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Addict Biol. 2017 Oct 23. doi: 10.1111/adb.12574. [Epub ahead of print]

Genome-wide association study of alcohol use disorder identification test (AUDIT) scores in 20 328 research participants of European ancestry.

Author information

1
Department of Psychiatry, University of California San Diego, La Jolla, CA, USA.
2
23andMe, Inc., Mountain View, CA, USA.
3
Center for Deployment Psychology, Uniformed Service University, Bethesda, MD, USA.
4
Department of Psychiatry and Behavioral Neuroscience, University of Chicago, Chicago, IL, USA.
5
Vanderbilt Genetics Institute; Division of Genetic Medicine, Department of Medicine, Vanderbilt University, Nashville, TN, USA.
6
Peter Boris Centre for Addictions Research, McMaster University/St. Joseph's Healthcare Hamilton, Hamilton, ON, Canada.
7
Homewood Research Institute, Guelph, ON, Canada.
8
Institute for Genomic Medicine, University of California San Diego, La Jolla, CA, USA.

Abstract

Genetic factors contribute to the risk for developing alcohol use disorder (AUD). In collaboration with the genetics company 23andMe, Inc., we performed a genome-wide association study of the alcohol use disorder identification test (AUDIT), an instrument designed to screen for alcohol misuse over the past year. Our final sample consisted of 20 328 research participants of European ancestry (55.3% females; mean age = 53.8, SD = 16.1) who reported ever using alcohol. Our results showed that the 'chip-heritability' of AUDIT score, when treated as a continuous phenotype, was 12%. No loci reached genome-wide significance. The gene ADH1C, which has been previously implicated in AUD, was among our most significant associations (4.4 × 10-7 ; rs141973904). We also detected a suggestive association on chromosome 1 (2.1 × 10-7 ; rs182344113) near the gene KCNJ9, which has been implicated in mouse models of high ethanol drinking. Using linkage disequilibrium score regression, we identified positive genetic correlations between AUDIT score, high alcohol consumption and cigarette smoking. We also observed an unexpected positive genetic correlation between AUDIT and educational attainment and additional unexpected negative correlations with body mass index/obesity and attention-deficit/hyperactivity disorder. We conclude that conducting a genetic study using responses to an online questionnaire in a population not ascertained for AUD may represent a cost-effective strategy for elucidating aspects of the etiology of AUD.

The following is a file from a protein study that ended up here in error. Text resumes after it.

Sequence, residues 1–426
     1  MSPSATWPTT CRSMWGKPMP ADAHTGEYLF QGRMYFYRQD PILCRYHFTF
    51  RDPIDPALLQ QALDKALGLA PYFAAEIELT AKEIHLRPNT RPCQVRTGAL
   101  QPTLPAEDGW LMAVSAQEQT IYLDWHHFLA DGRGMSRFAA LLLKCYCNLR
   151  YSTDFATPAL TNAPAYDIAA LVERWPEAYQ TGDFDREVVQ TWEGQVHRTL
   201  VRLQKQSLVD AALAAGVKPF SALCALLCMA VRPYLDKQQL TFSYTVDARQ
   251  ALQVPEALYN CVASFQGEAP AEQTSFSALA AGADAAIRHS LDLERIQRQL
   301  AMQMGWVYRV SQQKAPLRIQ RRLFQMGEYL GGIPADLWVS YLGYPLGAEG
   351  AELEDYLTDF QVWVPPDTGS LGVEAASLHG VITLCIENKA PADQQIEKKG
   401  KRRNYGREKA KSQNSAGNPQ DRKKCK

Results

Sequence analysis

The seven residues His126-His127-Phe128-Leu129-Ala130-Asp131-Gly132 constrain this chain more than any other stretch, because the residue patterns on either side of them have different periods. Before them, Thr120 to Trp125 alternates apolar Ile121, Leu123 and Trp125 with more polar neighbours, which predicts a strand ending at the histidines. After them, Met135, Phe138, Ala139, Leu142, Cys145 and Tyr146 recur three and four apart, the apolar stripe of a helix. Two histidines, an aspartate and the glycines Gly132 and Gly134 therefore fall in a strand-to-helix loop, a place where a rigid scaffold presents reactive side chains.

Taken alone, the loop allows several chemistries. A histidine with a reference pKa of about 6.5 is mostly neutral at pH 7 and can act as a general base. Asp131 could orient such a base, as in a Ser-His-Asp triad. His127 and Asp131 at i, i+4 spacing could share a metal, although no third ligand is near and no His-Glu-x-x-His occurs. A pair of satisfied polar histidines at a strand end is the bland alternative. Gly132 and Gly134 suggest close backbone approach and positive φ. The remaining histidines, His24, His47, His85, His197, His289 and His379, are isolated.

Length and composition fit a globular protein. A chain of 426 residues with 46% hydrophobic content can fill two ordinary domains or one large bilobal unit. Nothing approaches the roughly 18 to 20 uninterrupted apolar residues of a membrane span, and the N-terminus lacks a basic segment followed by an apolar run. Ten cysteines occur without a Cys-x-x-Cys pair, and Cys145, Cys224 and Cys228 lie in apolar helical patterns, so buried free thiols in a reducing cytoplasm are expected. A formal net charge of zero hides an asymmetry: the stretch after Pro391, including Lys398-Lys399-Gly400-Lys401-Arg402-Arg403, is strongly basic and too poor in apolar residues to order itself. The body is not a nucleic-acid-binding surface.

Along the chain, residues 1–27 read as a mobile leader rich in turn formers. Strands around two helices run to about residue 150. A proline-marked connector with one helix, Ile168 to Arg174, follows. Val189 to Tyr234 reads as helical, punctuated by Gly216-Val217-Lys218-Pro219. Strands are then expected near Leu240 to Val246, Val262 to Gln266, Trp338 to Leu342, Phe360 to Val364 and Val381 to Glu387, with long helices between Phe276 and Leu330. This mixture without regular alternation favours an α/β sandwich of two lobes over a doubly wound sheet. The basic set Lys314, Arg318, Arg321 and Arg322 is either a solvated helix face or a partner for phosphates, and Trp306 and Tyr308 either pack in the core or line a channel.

KEYWORDS:

AUDIT; GWAS; alcohol use disorder; alcohol-metabolizing enzymes; complex traits; genetic

PMID:
29058377
DOI:
10.1111/adb.12574

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